Unfortunately, Misty’s story is not uncommon. There were a lot of men and women of different ages who had to pull their own teeth because of a lack of dental health coverage. There were some who got some dental care during the short periods of Medicaid dental health coverage, but after it ended, their treatments were left unfinished.

Insurance Stops at the Teeth

Insurance plans continue to ignore the fact that our overall health is closely connected to our dental health.

When health insurance started in the U.S in the 1920s, and then during WW2 and afterward, dental care wasn’t included in the regular package of the covered services.

Medicare has an important role in setting the norms of health care coverage, as it’s the largest insurer in the U.S. Nevertheless, it doesn’t offer dental care. In fact, about 70% of seniors don’t have dental health coverage, according to government statistics.

The senior program officer at the Robert Wood Johnson Foundation, Dr. David Kroll, argues that as Medicare doesn’t offer dental coverage, this unchanging condition influenced ACA (Affordable Care Act).

Dental plans aren’t cheap at all, and they require further payments for procedures other than preventive care, and very little or no coverage for bridges, dentures, or periodontics work.

Moreover, recently the dental care costs have elevated faster than that of other types of medical care. There are just a couple of cheap dental services available for those without dental coverage.

Although the Affordable Care Act provided enlargement of the eligibility of Medicaid, not all states accepted federal funding. Even in those states where Medicaid expanded, the low and moderate-income Americans were left with the same strict limits on oral dentistry.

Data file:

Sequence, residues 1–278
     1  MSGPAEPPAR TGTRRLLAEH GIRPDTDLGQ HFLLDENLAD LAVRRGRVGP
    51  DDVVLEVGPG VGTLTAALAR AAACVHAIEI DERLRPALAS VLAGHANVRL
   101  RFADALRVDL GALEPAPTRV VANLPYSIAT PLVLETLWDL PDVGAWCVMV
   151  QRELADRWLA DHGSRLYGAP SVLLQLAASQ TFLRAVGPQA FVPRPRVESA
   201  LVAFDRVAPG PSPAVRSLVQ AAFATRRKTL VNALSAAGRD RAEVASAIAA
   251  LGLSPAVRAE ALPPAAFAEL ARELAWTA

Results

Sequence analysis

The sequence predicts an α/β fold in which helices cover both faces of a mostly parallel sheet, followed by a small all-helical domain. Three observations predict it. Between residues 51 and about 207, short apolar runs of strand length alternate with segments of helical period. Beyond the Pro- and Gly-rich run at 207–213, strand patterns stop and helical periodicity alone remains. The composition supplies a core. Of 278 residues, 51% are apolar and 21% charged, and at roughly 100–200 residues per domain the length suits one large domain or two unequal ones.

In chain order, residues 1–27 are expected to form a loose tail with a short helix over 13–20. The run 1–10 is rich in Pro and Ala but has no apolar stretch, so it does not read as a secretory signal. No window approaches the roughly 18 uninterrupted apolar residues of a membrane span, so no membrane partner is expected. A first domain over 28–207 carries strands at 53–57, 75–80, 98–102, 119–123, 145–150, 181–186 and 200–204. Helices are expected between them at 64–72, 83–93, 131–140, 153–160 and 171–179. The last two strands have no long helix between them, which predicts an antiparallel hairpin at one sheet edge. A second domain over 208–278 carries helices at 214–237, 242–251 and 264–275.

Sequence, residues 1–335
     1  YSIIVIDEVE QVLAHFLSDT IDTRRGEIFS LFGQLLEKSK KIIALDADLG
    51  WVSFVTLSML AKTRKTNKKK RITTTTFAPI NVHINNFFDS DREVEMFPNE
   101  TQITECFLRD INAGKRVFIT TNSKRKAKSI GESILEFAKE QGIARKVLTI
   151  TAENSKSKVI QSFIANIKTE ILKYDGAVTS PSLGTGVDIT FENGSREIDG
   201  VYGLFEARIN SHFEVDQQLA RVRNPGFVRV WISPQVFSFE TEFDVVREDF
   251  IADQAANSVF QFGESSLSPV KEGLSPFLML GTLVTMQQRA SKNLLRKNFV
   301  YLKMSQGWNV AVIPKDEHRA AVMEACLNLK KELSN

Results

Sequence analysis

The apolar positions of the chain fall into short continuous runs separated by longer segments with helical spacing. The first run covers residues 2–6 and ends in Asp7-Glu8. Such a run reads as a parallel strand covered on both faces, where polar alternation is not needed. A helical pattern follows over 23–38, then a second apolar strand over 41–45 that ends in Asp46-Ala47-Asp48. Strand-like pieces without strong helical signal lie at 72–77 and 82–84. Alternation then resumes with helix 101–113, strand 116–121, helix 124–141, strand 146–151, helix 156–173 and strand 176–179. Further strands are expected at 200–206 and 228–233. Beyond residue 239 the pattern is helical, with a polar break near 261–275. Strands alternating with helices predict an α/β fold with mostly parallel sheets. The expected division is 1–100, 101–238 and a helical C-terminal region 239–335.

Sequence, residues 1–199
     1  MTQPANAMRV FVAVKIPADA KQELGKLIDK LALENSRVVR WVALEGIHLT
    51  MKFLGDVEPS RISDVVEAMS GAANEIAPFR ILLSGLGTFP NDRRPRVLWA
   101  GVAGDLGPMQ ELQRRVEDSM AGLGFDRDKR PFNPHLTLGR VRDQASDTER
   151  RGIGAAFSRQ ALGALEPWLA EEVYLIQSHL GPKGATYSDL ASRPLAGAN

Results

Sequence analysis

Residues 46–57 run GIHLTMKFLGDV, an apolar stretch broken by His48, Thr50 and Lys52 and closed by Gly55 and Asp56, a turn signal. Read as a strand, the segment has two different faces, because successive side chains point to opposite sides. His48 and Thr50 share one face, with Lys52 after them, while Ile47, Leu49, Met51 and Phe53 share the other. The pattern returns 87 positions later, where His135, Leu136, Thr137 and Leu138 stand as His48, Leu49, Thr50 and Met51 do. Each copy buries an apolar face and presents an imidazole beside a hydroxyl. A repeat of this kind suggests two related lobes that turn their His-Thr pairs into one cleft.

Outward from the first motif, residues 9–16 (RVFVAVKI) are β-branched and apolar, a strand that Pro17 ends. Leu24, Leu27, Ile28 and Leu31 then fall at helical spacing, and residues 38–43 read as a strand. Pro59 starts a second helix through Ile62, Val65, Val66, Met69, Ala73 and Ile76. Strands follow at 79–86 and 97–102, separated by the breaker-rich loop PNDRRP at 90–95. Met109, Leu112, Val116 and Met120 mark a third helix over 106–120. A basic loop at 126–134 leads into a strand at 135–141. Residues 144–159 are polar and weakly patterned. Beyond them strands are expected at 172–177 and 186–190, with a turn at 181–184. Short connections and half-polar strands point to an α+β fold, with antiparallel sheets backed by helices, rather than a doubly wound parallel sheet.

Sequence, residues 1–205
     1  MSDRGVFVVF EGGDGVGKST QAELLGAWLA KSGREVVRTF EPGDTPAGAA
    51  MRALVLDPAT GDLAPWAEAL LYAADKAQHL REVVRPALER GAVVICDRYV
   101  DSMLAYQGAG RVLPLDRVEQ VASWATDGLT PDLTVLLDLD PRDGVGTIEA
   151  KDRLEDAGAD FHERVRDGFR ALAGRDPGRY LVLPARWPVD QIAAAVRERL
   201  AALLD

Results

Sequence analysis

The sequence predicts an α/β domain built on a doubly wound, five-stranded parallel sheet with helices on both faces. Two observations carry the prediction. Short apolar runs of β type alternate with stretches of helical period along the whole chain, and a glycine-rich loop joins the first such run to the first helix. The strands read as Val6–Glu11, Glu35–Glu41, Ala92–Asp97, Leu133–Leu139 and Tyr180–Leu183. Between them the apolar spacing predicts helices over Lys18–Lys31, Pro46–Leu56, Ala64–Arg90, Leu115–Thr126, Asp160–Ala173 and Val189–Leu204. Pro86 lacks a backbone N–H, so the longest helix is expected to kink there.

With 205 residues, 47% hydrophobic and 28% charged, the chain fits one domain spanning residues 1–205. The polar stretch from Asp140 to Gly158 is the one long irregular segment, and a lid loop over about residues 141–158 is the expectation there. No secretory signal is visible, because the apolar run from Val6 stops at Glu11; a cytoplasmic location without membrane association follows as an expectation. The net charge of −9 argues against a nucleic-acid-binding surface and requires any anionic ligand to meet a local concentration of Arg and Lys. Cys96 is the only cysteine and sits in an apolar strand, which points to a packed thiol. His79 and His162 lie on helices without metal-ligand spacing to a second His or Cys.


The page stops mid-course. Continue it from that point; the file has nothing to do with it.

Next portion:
However, one good thing is that all Affordable Care Act compliant acts and Medicaid too, include the required benefit of dental coverage for children. The American Dental Association and the Health Policy have calculated that the percent of children with Medicaid insurance who utilized dental care PNHP from 35.5% in 2005, to 48.3 % in 2013.

Oral Health is Way More Than Just Nice Teeth

A lot of Americans suffer from the lack of coherent oral health services, and many of them resemble the story of Gina. She is a young woman from Idaho who can’t be hired as a telemarketer and can’t speak if she doesn’t hold her hand over her mouth because of her rotted teeth.

Although many people think that bad or rotten teeth are a result of bad decisions, the reality is that 2 dental checkups a year, which are available for those with dental health coverage, can maintain the healthy teeth and notice potential problems which can be treated in time.

The sad truth is that tooth decay represents poverty. If oral health insurance doesn’t expand, millions of U.S. citizens will continue to live with the pain, shame, and risk of systematic diseases which can be prevented by an integrated and accessible system of dental health care.

Via Alternet